A Memorable Memorial Sunday

May 30, 2011 06:30 – 06:30

Yesterday, we rose early and had Weis muffins for breakfast. Then we headed to UUFCC. Mark Hayes greeted us when we arrived, just a little before 9:30. In the chapel, I met Art, who sings with the choir and does their sound. I listened to Matt Sheppard, their new choir director, take the choir through a choral arrangement of In Flanders Fields. Art set up a microphone for me, balanced somewhere between voice & guitar, and I was all set.

The structure of UUFCC’s service is a bit different from MVUC‘s. First, there is no recitation of a covenant following the first hymn (which was a seated singing of I Know this Rose Will Open). Next, there was no “for all ages” portion of the service, after which children leave—I didn’t seen many, if any, children. I don’t know if that’s because this was a “summer” service, or if that’s the way things are always done. At MVUC, during “summer” services, the children immediately go to class, and don’t come to the service. The rest of the year, the children at at the service for the first 15-20 minutes. So… I don’t know if this really was different or par for UUFCC’s course.

Another definite difference is that they have vocal sharing of joys and concerns, during which a wireless mic is taken around. In MVUC’s services, our joys and concerns are expressed through the silent lighting of candles during the offering. This method would be unwieldy at MVUC, I think. I vaguely recall that we might have done it that way when we first started attending MVUC, but that we stopped for that reason.

The choir’s presentation In Flanders Fields was quite nice. I counted about 20 voices, which seemed like a good turnout for a hot memorial Sunday service. (The chapel is not air conditioned… something that wouldn’t work for us in the DC area.) The seats seemed about 70-80 percent filled in the congregation—also a good turnout for a holiday weekend.

I sang during the offering. I don’t usually like to sing during MVUC’s offerings because the passing of the baskets and the lighting of candles means that people are distracted, and sometimes chatting. Yesterday, however, people were not distracted, and were very attentive. They seemed to appreciate The Heart of It All, which most had not heard before. I offered an SATB arrangement for their choir, which I’ll send to Matt when I get home.

The main hymns were Let It Be a Dance and Gather the Spirit—two of my favorites. The former was requested by one of the congregants, a fourth generation Unitarian from England, whose wife died several weeks ago. He also gave a touching memorial account of how he met his wife, their life together, and her last few days in home hospice care.

After the service, we spoke with a number of members, and thoroughly enjoyed our visit. We agreed to meet up with Emily and Jonathan for dinner at the Corner Room in downtown State College.

After saying our goodbyes to Mark, we headed back to the room to change into upper-80s-compatible clothing, and then headed for the Berkey Creamery and the Palmer art museum. When we saw how long the creamery line was, we decided to hit the museum first. Some two hours later, unfortunately, the line was no better at 3 than it had been at 1. About 45 minutes later, we finally had our ice cream. Karen said hers was worth the wait. For me personally, almost nothing is worth a 45 minute wait in line.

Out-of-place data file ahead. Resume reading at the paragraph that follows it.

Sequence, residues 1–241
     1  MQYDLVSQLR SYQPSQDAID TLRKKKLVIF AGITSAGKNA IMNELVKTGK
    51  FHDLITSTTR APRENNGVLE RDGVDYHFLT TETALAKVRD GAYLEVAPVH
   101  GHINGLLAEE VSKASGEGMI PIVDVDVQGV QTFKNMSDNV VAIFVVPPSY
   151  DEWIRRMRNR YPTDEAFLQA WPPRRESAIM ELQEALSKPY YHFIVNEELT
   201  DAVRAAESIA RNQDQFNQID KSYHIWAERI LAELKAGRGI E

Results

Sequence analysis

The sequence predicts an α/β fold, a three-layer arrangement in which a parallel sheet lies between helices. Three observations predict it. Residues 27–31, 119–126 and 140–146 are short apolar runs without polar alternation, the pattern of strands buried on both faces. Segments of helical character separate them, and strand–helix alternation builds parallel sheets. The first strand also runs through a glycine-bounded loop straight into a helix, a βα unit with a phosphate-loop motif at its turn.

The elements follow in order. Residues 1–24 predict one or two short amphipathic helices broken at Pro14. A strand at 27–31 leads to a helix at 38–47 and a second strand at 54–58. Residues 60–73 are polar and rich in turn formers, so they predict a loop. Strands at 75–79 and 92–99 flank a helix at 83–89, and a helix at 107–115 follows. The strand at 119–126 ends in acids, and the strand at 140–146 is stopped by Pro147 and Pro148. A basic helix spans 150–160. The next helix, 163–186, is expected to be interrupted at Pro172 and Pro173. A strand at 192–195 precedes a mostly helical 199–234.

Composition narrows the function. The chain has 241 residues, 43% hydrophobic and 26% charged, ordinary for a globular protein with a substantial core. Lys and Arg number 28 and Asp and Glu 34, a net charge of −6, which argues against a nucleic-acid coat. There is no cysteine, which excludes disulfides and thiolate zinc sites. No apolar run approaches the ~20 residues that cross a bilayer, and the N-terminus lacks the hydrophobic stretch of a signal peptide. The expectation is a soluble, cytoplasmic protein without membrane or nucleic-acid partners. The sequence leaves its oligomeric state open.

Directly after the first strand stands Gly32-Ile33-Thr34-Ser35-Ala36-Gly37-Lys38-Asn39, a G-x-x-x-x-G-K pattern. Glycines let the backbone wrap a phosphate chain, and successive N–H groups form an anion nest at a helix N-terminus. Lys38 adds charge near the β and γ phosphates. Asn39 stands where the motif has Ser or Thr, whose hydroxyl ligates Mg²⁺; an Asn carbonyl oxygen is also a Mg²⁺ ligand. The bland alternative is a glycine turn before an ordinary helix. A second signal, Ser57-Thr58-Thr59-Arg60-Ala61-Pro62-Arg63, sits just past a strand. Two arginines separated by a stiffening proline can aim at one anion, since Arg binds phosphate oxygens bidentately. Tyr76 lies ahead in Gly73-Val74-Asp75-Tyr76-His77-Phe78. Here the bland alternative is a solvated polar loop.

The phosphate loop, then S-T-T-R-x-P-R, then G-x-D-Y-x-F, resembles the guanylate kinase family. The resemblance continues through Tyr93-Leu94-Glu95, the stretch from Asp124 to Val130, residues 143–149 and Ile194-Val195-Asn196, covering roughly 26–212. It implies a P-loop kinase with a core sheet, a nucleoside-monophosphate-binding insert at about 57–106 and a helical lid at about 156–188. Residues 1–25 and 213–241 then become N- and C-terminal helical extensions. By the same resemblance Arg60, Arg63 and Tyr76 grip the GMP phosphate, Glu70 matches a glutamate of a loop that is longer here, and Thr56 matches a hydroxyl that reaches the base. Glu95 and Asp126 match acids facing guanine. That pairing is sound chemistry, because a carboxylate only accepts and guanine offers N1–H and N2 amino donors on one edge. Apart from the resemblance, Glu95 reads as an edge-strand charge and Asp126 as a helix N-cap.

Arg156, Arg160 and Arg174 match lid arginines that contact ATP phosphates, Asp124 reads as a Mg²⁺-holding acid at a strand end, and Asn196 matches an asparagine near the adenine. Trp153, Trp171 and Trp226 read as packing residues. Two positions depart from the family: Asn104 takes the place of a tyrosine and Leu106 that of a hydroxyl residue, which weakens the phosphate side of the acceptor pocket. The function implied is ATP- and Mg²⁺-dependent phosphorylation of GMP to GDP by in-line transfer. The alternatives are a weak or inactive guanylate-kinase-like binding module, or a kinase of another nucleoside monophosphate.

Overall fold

While in line, we were treated to annoying whistling and humming from an attention-starved right wing guy behind us from the west coast. But, from the thoroughly pleasant people from New Jersey in front of us, we also got the scoop on the volleyball tournament—which was the cause for hotels being fully booked and the long line at the creamery. There are over 200 teams competing here, with about 10 high school girls per team. With coaches and family, this means that about 5,000 or more people descend on State College each Memorial Day weekend. The volleyball mom who provided all this information should be in one of Janet Evanovich’s Stephanie Plum novels. She had the most perfect Jersey accent I’ve ever heard.

After the creamery, we explored a bit more around the campus of Penn State, and the decided to head to a couple of adjoining communities. We took the highway towards Bellefonte, then followed the meandering Spring Creek through town. Bellefonte has a lot of beautiful and interesting houses and other buildings. After Bellefonte, we continue northeast to Milesburg. Unfortunately, we didn’t go through Bald Eagle State Park. I didn’t realize until this morning that it’s just northeast of Milesburg. Even if I had realized it, however, it was getting close to dinner time, and we needed to head back to State College.

We met Emily & Jonathan at the Corner Room, and enjoyed a lively conversation during dinner. The others appeared to enjoy their food. I ordered the fajita salad with beef tips. For someone who enjoys pickled peppers, my salad would have been wonderful, since that was the main taste ingredient. Were I to eat there again, I’d go for a chicken Caesar salad, instead.

And… that was our Sunday. Today, we plan to do some additional exploring before heading home. On the agenda, we’ll see if we can find a winery, and I want to drive through Huntingdon and Juniata to see if there are any Folk College events in evidence.

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